Sign in with Apple Auth Provider

ServiceStack Sign In with Apple Auth Provider docs & Integration docs from

Sign In with Apple Requirements

App Requirements Walkthrough

Okta has a good walkthrough explaining Sign In with Apple and steps required to create the above resources.

Note: Service ID must be configured with non-localhost trusted domain and HTTPS callback URL, for development you can use:

  • Domain:
  • Callback URL:

See docs on Configure localhost development dev certificate for instructions & info for being able to use a single or local DNS names to support local development of all platforms.

Apple Services ID configuration

If you also need to support Android you'll also need to register the URL will as a valid Callback URL in your Apple Services ID configuration.

Getting Started

As the elliptic curve algorithms required to integrate with Sign In with Apple requires .NET Core 3 APIs the AppleAuthProvider is implemented in the ServiceStack.Extensions NuGet Package.

Create project with preferred Auth Configuration

A quick way to can create a working project from scratch with your preferred configuration using the mix tool, e.g:

mkdir web && cd web
x mix init auth-ext auth-db sqlite

This creates an empty project, with Auth Enabled, adds the ServiceStack.Extensions NuGet package, registers OrmLite, SQLite and the OrmLiteAuthRepository.

Copy your Apple Private Key to your Apps Content Folder then configure your OAuth providers in appsettings.json:

  "": "",
  "": "",
  "": "{Team ID}",
  "": "{Service ID}",
  "": "{Bundle ID}",
  "": "{Private KeyId}",
  "": "AuthKey_{Private KeyId}.p8",
  "jwt.AuthKeyBase64": "{Base64 JWT Auth Key}"


See JWT docs for how to Generate a new Auth Key

When needing to support Mobile or Desktop Apps using OAuth Providers like Sign In with Apple, we recommend using it in combination with the JWT Auth Provider with UseTokenCookie enabled so the Authorization is returned in a stateless JWT Token that can be persisted for optimal Authentication across App restarts, e.g:

Plugins.Add(new AuthFeature(() => new CustomUserSession(),
    new IAuthProvider[] {
        new JwtAuthProvider(AppSettings) {
            UseTokenCookie = true,
        new AppleAuthProvider(AppSettings)

Clone working Client & Server Project

For a working example you can clone or fork the /NetCoreApps/AppleSignIn repo or alternatively download the latest master .zip with:

x download NetCoreApps/AppleSignIn

Then after updating appsettings.json with your iOS App's configuration, copying your Private Key into the web Content Folder you're all set to run your App:

dotnet run

Android Support

To support Android we recommend using which resolves to the special IP in the Android Emulator that maps to on your Host OS. To also be able to use it during development you'll need to add an entry in your OS's hosts file (e.g. %SystemRoot%\System32\drivers\etc\hosts for Windows or /system/etc/hosts on macOS/Linux):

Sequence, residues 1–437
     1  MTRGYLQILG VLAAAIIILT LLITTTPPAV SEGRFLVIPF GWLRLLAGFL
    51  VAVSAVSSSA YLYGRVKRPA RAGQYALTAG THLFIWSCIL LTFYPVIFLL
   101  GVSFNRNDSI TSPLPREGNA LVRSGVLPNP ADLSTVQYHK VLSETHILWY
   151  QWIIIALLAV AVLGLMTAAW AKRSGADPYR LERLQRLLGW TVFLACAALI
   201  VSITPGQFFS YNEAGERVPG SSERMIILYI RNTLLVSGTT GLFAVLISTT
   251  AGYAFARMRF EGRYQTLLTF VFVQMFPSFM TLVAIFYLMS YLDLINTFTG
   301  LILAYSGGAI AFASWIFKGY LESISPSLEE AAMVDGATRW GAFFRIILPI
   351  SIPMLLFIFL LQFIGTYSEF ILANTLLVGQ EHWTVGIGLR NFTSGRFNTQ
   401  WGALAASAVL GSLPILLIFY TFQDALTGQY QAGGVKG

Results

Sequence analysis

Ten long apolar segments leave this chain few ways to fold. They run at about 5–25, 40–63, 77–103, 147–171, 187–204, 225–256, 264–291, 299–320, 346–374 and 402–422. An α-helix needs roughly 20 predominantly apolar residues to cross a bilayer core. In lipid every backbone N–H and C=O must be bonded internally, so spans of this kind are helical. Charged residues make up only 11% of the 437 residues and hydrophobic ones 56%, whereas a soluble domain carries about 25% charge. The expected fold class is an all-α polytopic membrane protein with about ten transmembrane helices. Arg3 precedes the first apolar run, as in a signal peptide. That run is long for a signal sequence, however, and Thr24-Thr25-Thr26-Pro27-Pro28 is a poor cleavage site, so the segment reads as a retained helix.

If you don't need to support android you can use instead which resolves to, please see configuring localhost development dev certificate for more info.

Then you can view your App using the non-localhost domain name:

You can then use the Embedded Login Page which renders the Sign In button for each of the registered OAuth providers in your AuthFeature:

Clicking on Sign in with Apple button should let you Sign In with Apple. After successfully signing in you can view the AllUsersInfo Service to view a dump of all User Sessions & User Auth Info stored in the registered RDBMS:

Flutter iOS & Android App

A reference client Flutter iOS & Android App showcasing integration with Sign In with Apple is available at /flutter/auth.

The first task the App does is to create an instance of the IServiceClient it should use using the recommended ClientFactory API which in combination with the conditional import below returns the appropriate configured Service Client implementation for the platform it's running on, for iOS & Android it uses the native JsonServiceClient:

import 'package:servicestack/web_client.dart' if ( 'package:servicestack/client.dart';

AppState(client: kDebugMode
  ? ClientFactory.createWith(ClientOptions(baseUrl:'', ignoreCert:true))
  : ClientFactory.create(""))

Using a constant like kDebugMode ensures that create Service Clients that ignore SSL Certificate errors are stripped from production builds.

sign_in_with_apple package

To support both iOS and Android we're utilizing the sign_in_with_apple SignInWithAppleButton which takes care of invoking iOS's native Sign In with Apple behavior as well as enabling support for Android by wrapping an OAuth Web Flow in a WebView. Both approaches, if successful will result in an Authenticated IdentityToken which you can use to Authenticate with your ServiceStack instance to establish an Authenticated session.